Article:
Learning about the projected cost of college can make it hard to sleep at night. If tuition increases just 5% each year, in just 14 years it will double.

While these numbers are frightening, financing the tassel is worth the hassle. College grads earn 40% more than high school graduates. Even more striking, masters level graduates earn 70% more than high school graduates. No matter whether your goals are to send your children to a technical college, a public institution or private university, it is critical that you start saving as soon as possible.

An investment could:

  • Help minimize a college debt,
  • Manage the financial burdens incurred during the college years, or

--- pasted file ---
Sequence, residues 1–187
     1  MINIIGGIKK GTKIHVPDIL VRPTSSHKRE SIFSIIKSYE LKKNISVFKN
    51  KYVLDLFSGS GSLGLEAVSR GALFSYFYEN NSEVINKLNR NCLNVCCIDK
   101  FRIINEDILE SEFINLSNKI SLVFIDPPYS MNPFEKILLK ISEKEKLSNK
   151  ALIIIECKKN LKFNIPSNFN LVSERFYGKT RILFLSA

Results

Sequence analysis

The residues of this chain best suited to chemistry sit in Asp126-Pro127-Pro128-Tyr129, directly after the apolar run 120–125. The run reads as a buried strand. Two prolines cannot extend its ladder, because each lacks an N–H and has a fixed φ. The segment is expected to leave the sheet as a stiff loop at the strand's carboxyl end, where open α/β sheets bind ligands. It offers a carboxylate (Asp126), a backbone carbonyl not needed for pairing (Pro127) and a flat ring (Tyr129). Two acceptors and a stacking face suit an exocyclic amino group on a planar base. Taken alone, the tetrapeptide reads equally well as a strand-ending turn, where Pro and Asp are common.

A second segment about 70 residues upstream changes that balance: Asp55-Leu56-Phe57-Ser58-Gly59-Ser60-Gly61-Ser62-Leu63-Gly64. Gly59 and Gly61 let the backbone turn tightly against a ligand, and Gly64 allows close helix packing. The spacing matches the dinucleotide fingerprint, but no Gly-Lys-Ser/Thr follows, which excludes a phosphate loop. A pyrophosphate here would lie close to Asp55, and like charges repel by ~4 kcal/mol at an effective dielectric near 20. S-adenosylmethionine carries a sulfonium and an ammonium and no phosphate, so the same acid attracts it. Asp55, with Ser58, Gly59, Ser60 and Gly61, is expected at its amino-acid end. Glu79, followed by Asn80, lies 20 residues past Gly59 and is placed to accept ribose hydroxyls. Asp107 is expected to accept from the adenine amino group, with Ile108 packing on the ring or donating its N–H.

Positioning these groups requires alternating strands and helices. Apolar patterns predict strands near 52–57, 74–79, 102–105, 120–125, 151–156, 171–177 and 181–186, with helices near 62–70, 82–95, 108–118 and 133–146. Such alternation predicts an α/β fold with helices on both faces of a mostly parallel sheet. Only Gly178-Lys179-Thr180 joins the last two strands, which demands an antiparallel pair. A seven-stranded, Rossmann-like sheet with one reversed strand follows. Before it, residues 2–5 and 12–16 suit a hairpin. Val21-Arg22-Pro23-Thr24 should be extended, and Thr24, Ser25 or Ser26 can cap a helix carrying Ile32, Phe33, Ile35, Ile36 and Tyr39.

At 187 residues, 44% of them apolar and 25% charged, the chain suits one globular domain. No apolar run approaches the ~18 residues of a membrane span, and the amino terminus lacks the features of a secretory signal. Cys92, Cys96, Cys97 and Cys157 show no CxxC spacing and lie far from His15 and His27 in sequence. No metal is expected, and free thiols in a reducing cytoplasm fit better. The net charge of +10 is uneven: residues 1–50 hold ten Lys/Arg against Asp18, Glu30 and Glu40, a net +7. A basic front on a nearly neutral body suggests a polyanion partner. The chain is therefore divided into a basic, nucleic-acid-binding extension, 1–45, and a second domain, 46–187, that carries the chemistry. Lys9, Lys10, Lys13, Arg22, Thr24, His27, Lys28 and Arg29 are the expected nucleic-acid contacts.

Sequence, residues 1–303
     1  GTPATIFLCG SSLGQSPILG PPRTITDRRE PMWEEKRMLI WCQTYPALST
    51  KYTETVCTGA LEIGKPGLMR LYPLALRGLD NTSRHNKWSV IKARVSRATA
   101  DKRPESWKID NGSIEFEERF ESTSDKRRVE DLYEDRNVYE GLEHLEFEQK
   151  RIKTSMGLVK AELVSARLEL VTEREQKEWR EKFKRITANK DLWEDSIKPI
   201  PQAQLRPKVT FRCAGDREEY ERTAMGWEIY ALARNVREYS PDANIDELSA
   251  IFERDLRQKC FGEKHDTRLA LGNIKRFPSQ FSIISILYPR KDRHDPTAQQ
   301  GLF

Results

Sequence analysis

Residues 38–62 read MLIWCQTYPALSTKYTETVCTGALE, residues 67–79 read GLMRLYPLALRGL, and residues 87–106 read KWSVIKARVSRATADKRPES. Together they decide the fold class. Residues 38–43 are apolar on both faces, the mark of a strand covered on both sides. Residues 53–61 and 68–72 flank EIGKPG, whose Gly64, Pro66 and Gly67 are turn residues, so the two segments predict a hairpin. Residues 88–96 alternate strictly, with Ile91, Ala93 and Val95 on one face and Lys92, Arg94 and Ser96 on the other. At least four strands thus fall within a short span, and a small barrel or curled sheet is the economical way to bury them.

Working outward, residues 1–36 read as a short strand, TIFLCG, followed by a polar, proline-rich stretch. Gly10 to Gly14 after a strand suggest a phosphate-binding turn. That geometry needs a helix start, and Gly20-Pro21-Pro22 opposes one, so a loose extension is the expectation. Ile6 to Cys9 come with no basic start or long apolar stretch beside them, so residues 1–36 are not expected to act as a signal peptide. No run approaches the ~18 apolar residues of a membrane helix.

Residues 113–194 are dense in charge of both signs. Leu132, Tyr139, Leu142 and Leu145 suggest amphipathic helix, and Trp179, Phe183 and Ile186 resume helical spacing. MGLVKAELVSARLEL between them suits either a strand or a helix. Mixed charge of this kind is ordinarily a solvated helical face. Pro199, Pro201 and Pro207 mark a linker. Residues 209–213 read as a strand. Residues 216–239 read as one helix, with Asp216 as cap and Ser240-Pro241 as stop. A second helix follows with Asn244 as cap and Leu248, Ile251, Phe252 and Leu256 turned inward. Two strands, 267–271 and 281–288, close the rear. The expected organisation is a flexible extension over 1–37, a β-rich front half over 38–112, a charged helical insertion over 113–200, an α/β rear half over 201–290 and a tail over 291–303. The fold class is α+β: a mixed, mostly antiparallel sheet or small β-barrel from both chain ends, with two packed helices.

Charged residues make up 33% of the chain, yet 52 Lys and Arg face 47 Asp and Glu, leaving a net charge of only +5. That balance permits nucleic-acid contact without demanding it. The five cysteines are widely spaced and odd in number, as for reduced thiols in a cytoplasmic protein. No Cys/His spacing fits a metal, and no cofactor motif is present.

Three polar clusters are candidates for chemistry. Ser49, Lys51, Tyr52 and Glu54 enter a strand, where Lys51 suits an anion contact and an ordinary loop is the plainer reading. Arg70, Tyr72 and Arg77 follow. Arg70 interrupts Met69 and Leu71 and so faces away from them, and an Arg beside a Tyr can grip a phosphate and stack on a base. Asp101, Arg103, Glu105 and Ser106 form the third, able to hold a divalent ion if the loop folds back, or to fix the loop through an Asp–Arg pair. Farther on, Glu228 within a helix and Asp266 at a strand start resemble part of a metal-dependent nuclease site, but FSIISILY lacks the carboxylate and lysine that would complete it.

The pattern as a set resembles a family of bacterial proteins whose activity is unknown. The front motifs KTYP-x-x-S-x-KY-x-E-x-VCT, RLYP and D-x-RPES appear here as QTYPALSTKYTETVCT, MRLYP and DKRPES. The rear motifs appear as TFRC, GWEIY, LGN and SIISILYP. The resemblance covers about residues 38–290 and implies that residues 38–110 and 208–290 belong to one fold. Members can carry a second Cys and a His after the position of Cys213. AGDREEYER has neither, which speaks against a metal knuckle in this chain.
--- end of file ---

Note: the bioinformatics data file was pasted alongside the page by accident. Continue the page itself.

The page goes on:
• Reduce the need to borrow or liquidate assets to finance and education.

Funding can come from a variety of sources, but the key is to make a commitment every year to help provide for your children`s tuition costs. That`s where we can help you sort through the pros and cons of college investing to identify what you are eligible for, what fits your desire for control of the investment and control of how it is spent, and, of course, which options give you the greatest tax advantage.


The primary methods for college investing are described below:

Roth IRAs - A Roth IRA is an option for college funding that is often overlooked. A Roth allows an owner to take out the principal and pay for college without any penalty, and he or she can control how the money is invested. Funds not used for college can be used for your retirement. In addition, retirement funds are not included in net assets for financial aid calculations. There are income restrictions for contributing to a Roth.